Would you like to read a story that will remind you that you’re not having such a bad day?
Next time your train is pulling away from the station or the bus pulls away from the kerb just as you get there and you’re cursing the six whole minutes you have to wait for the next one, spare a thought for Sir Douglas Mawson.
He is the knighted explorer who famously survived a treacherous trek in Antartica only to miss being rescued by a matter of hours. He then had to wait patiently a whole extra year to get out!
Mawson and two colleagues went out to map the coastline and collect geological samples and had been gone for five weeks. Tragically, one of his research companions fell down a crevasse along with half a dozen dogs, their food rations and their tent. Major setback.
The two remaining men had enough supplies for a week so they immediately set course back to base. It wasn’t enough though and some of the dogs had to be eaten too. Turned out that that was the downfall for Mawson’s remaining colleague, because the high levels of Vitamin A in a Husky’s liver is toxic to humans. In a nut shell, he went mad and died, so Mawson was left alone, 100 miles from base.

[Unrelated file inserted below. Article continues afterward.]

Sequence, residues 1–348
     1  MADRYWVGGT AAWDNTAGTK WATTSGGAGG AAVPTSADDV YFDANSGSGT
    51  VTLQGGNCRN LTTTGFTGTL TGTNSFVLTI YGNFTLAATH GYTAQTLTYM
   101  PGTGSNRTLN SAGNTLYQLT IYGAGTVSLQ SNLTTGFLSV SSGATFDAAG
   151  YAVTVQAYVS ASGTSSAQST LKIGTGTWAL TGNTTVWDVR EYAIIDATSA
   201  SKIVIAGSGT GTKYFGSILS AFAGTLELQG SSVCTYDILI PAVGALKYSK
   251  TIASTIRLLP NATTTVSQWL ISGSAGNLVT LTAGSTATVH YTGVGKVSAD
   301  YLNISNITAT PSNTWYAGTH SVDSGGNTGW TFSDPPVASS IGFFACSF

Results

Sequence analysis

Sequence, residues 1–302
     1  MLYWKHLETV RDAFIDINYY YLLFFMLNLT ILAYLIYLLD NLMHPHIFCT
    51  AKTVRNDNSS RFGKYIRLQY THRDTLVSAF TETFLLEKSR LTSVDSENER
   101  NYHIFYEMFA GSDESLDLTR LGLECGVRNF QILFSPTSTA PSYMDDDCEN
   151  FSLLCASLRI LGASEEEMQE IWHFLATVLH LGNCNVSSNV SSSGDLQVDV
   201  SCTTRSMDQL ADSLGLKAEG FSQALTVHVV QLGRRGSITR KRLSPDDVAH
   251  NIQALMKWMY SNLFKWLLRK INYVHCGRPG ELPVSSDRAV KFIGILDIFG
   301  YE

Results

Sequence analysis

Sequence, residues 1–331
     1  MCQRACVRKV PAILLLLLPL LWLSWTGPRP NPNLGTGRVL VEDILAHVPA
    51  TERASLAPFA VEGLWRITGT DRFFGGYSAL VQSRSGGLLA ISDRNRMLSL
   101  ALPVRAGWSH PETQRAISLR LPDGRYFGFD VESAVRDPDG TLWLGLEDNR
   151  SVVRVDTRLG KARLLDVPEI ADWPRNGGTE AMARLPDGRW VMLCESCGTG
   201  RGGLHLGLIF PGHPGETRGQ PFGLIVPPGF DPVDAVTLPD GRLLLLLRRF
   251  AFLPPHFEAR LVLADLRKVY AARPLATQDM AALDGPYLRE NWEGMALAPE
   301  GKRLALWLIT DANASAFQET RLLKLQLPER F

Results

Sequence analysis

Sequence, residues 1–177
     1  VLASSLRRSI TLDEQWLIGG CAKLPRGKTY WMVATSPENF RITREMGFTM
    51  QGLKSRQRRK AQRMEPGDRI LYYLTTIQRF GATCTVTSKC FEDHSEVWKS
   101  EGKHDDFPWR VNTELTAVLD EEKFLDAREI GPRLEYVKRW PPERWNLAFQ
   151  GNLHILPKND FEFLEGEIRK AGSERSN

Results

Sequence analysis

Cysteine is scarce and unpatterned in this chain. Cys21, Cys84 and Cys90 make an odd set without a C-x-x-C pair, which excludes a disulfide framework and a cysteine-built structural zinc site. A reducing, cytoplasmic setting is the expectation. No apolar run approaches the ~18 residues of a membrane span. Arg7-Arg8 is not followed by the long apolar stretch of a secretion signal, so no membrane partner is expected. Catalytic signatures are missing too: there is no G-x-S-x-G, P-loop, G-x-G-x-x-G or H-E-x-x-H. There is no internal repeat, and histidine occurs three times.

He made it back, not before falling in a crevasse himself and having to winch himself out. Can you image how he felt when he got there only to realise that the boat that could take him back to civilisation had set sail only a few hour earlier?
Mawson had missed his rescue party by approximately five hours. Which when the wait for the next evacuation is another year away, that’s the modern day equivalent for having the train doors close on your fingers.
He had a fiancé back home and in missing the boat he reinvented the meaning of “I’ll be home late for dinner”.
It’s a remarkable story of survival, architecture, tenacity, patience and will to live. The hut that Mawson and his team built has been replicated on Hobart’s stunning Constitution Dock and is worth a visit for anyone with a sense of adventure and an interest in history. Admissions cost goes towards the restoration and maintenance of the original huts in Antartica.
Now, in the time that you’ve taken to read this, your next train has arrived.
Have a great day!